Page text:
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Cognitive-Behavioral Therapy for Chronic Insomnia After Breast Cancer Treatment (REST)

This study has been completed.
National Institute of Nursing Research (NINR)
Denver Health Medical Center
Information provided by (Responsible Party):
University of Colorado, Denver Identifier:
First received: May 2, 2008
Last updated: May 26, 2015
Last verified: January 2013
The primary goal of the proposed study is to examine a cognitive behavioral intervention for insomnia (CBTI) in women after breast cancer treatment. Chronic Insomnia is a highly prevalent and distressing symptom in cancer patients. CBTI is considered the treatment of choice for chronic primary insomnia. Few studies have been conducted in cancer survivors to evaluate the effect of CBTI on sleep and clinically relevant outcomes.

Condition Intervention
Breast Cancer
Behavioral: Cognitive Behavioral Therapy for Insomnia (CBTI)
Behavioral: Behavioral Placebo Treatment

Study Type: Interventional
Study Design: Allocation: Randomized
Intervention Model: Parallel Assignment
Masking: Single Blind (Outcomes Assessor)
Primary Purpose: Supportive Care
Official Title: Cognitive-Behavioral Therapy for Chronic Insomnia After Breast Cancer Treatment

Resource links provided by NLM:

Further study details as provided by University of Colorado, Denver:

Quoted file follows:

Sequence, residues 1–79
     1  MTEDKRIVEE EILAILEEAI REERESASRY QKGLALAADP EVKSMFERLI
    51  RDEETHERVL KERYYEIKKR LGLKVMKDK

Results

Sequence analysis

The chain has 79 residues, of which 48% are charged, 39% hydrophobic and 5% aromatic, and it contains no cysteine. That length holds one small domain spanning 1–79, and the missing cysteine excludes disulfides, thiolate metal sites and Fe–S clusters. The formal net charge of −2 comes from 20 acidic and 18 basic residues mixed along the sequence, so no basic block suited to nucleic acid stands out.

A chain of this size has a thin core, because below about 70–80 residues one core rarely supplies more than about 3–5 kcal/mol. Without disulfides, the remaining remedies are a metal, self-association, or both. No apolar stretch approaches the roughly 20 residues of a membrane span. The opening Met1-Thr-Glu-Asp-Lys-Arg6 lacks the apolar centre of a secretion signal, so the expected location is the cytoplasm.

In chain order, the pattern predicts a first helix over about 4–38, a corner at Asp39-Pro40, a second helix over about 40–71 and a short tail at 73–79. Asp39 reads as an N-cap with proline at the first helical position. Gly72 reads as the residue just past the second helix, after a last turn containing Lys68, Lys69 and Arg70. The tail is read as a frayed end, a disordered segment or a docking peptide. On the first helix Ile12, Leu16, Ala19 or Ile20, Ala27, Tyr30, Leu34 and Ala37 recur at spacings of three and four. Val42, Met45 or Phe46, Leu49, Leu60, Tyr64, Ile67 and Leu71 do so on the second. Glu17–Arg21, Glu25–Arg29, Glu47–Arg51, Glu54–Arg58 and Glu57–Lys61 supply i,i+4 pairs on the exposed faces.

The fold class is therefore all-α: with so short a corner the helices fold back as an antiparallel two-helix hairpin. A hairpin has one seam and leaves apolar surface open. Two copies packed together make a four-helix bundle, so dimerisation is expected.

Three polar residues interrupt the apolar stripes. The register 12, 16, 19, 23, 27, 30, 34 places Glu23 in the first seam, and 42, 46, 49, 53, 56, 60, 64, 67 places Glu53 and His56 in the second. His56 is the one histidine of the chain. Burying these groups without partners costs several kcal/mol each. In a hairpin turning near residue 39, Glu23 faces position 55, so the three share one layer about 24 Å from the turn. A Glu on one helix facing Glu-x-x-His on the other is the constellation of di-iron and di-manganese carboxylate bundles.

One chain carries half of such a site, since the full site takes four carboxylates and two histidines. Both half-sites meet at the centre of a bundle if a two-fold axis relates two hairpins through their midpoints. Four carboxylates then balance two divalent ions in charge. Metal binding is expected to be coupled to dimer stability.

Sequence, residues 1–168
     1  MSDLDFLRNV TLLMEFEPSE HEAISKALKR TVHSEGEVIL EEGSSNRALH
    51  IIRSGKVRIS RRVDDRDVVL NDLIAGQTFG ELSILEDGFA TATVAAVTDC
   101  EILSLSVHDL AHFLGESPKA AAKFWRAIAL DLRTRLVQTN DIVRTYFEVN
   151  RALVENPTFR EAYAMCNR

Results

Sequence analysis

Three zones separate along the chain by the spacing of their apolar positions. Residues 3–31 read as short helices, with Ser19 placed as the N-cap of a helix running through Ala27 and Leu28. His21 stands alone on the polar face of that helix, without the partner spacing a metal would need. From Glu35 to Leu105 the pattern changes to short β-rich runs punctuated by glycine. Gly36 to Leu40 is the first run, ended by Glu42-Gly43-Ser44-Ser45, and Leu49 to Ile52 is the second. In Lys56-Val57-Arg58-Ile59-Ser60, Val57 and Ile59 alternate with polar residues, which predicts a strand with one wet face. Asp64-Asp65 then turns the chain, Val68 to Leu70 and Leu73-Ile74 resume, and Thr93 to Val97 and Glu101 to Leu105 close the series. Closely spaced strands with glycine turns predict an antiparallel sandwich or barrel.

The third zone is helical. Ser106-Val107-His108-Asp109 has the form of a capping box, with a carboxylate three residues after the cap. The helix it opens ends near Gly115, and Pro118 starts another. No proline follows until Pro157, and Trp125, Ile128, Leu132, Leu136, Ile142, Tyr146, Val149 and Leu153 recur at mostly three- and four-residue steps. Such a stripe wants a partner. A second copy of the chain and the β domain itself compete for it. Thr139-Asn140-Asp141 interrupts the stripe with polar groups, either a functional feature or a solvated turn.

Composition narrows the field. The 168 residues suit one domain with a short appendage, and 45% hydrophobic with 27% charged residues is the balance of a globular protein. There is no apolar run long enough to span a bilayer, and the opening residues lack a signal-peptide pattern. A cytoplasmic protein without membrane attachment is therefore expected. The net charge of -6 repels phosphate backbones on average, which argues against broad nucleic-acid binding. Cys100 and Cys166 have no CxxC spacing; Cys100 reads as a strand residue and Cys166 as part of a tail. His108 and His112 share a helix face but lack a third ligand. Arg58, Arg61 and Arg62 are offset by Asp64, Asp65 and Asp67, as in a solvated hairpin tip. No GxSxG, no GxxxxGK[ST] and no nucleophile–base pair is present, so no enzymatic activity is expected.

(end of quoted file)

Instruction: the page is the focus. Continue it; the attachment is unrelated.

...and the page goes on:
Primary Outcome Measures:
  • sleep efficiency [ Time Frame: baseline, pre and post intervention, 3-months, 6-months ]

Secondary Outcome Measures:
  • sleep latency, total sleep time, quality of life, fatigue [ Time Frame: baseline, pre and post intervention, 3-months, 6-months ]

Enrollment: 64
Study Start Date: July 2008
Study Completion Date: May 2013
Primary Completion Date: May 2013 (Final data collection date for primary outcome measure)
Arms Assigned Interventions
Placebo Comparator: Behavioral Placebo Therapy
Behavioral Placebo Treatment
Behavioral: Behavioral Placebo Treatment
Six 15-30 minute in-person or phone sessions that begin with a review of the sleep diary, a general discussion of treatment progress and tabulation of sleep parameters.
Active Comparator: Cognitive Behavioral Therapy
Cognitive Behavioral Therapy for Insomnia (CBTI)
Behavioral: Cognitive Behavioral Therapy for Insomnia (CBTI)
Six 15-30 minute in-person or phone sessions that incorporate cognitive, behavioral and psycho-educational techniques focused on modifying the perpetuating factors that maintain insomnia.

Detailed Description: